58 # module /boot/vmlinuz-2.6-xen0 root=<root-dev> ro console=tty0
60 For <mem-kb> you should specify the amount of memory, in kilobytes,
61 to allocate for use by your initial XenLinux virtual machine. Note
62 that Xen itself reserves about 32MB memory for internal use, which
63 is not available for allocation to virtual machines.
64 For <root-dev>, specify your usual root partition (e.g., /dev/hda1).
66 3. Reboot your system and select the "Xen 2.0 / XenLinux 2.6" menu
67 option. After booting Xen, XenLinux will start and your
68 initialisation scripts should execute in the usual way.
70 Quick-Start Guide - Source Release
71 ==================================
73 First, there are a number of prerequisites for building a Xen source
74 release. Make sure you have all the following installed, either by
75 visiting the project webpage or installing a pre-built package
76 provided by your Linux distributor:
77 * GCC (preferably v3.2.x or v3.3.x; older versions are unsupported)
78 * GNU Make
79 * GNU Binutils
80 * Development install of libcurl (e.g., libcurl-dev)
81 * Development install of zlib (e.g., zlib-dev)
82 * Development install of Python v2.2 or later (e.g., python-dev)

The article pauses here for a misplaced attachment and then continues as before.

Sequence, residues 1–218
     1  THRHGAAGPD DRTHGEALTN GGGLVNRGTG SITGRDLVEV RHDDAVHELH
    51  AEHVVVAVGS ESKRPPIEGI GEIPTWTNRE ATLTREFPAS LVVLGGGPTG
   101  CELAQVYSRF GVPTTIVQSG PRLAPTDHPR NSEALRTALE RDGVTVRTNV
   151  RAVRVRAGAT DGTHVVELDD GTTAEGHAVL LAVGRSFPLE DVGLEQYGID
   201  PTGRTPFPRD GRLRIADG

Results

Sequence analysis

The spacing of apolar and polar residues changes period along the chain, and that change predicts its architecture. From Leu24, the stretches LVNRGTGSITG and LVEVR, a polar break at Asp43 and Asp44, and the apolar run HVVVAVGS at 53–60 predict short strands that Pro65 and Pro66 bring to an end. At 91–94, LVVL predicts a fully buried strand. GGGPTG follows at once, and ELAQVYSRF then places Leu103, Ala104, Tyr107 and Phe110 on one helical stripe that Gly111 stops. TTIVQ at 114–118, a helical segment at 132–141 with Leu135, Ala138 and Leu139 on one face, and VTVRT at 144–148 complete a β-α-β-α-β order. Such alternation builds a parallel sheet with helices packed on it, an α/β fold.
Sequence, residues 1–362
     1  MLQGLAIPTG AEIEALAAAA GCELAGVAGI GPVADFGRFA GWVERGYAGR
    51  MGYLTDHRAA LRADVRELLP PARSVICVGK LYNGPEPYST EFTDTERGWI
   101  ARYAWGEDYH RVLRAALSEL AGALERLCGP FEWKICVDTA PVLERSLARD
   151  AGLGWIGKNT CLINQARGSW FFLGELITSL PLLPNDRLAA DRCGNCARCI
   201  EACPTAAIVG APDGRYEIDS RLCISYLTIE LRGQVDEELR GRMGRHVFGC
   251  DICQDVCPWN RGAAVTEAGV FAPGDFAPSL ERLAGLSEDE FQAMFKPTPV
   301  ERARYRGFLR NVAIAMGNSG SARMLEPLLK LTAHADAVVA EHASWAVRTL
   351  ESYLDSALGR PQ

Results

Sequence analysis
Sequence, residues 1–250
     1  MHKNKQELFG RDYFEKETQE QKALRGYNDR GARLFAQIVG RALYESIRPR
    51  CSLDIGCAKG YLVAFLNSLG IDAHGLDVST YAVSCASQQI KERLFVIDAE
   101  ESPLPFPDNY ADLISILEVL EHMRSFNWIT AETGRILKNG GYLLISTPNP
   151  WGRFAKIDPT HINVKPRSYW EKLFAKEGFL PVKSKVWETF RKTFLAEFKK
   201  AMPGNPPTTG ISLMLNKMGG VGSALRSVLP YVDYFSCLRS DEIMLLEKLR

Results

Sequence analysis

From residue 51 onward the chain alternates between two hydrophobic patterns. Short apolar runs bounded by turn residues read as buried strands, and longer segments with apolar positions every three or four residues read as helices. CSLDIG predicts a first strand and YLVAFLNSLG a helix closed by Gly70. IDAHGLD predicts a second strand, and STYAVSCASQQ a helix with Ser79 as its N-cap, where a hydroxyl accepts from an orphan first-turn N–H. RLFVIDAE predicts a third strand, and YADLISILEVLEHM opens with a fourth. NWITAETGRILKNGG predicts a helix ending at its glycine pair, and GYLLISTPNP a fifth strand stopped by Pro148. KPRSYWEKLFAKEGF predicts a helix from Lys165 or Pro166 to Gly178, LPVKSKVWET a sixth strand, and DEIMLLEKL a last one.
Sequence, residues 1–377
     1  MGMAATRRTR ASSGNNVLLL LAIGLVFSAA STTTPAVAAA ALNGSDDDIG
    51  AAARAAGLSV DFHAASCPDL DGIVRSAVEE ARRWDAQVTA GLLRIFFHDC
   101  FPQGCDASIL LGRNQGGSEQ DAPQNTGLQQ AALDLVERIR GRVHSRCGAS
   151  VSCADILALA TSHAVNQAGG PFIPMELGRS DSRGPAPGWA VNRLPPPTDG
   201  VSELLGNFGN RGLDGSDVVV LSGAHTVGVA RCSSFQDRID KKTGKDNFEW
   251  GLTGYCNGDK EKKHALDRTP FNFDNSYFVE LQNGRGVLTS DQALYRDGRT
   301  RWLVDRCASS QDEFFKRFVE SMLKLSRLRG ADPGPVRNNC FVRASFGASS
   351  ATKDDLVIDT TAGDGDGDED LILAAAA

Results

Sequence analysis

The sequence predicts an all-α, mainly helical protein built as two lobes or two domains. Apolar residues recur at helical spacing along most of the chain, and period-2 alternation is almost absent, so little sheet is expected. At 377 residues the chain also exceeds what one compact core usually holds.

84 [NB. Unless noted otherwise, all the following steps should be
85 performed with root privileges.]
87 1. Download and untar the source tarball file. This will be a
88 file named xen-unstable-src.tgz, or xen-$version-src.tgz.
89 You can also pull the current version from the SCMS
90 that is being used (Bitkeeper, scheduled to change shortly).
92 # tar xzf xen-unstable-src.tgz
94 Assuming you are using the unstable tree, this will
95 untar into xen-unstable. The rest of the instructions
96 use the unstable tree as an example, substitute the
97 version for unstable.
99 2. cd to xen-unstable (or whatever you sensibly rename it to).
100 The Linux (2.4 and 2.6), netbsd and freebsd kernel source
101 trees are in the $os-$version-xen-sparse directories.
103 On Linux:
105 3. For the very first build, or if you want to destroy existing
106 .configs and build trees, perform the following steps:
108 # make world
109 # make install
111 This will create the directories linux-2.6-xen0/ and
112 linux-2.6-xenU/ after first cleaning everything. It will
113 create and install into the dist/ directory which is the
114 default install location. It will build the xen binary
115 (xen.gz), the boot images for dom0 and an unprivileged
116 guest kernel (vmlinuz-2.6.x-xen0 and vmlinuz-2.6.x-xenU
117 respectively), the tools and the documentation.
119 4. To rebuild an existing tree without modifying the config:
120 # make dist
122 This will build and install xen, kernels, tools, and
123 docs into the local dist/ directory.
125 5. To rebuild a kernel with a modified config:
127 # cd linux-2.6-xen0 # or linux-2.6-xenU
128 # make ARCH=xen menuconfig # or xconfig
129 # cd ..
130 # make dist
131 # make install
133 You can copy your own config into linux-2.6-xen0 first.
134 Alternatively, you can also copy your config file to
135 dist/install/boot/config-$version-xen0/U. This is picked up
136 when a make dist is done. Include the ARCH=xen directive for
137 all make commands when building the kernels.
139 6. To see a full list of targets and a brief description, type:
140 # make help
142 7. Edit your grub.conf file as described above to have an
143 appropriate entry for your new kernel.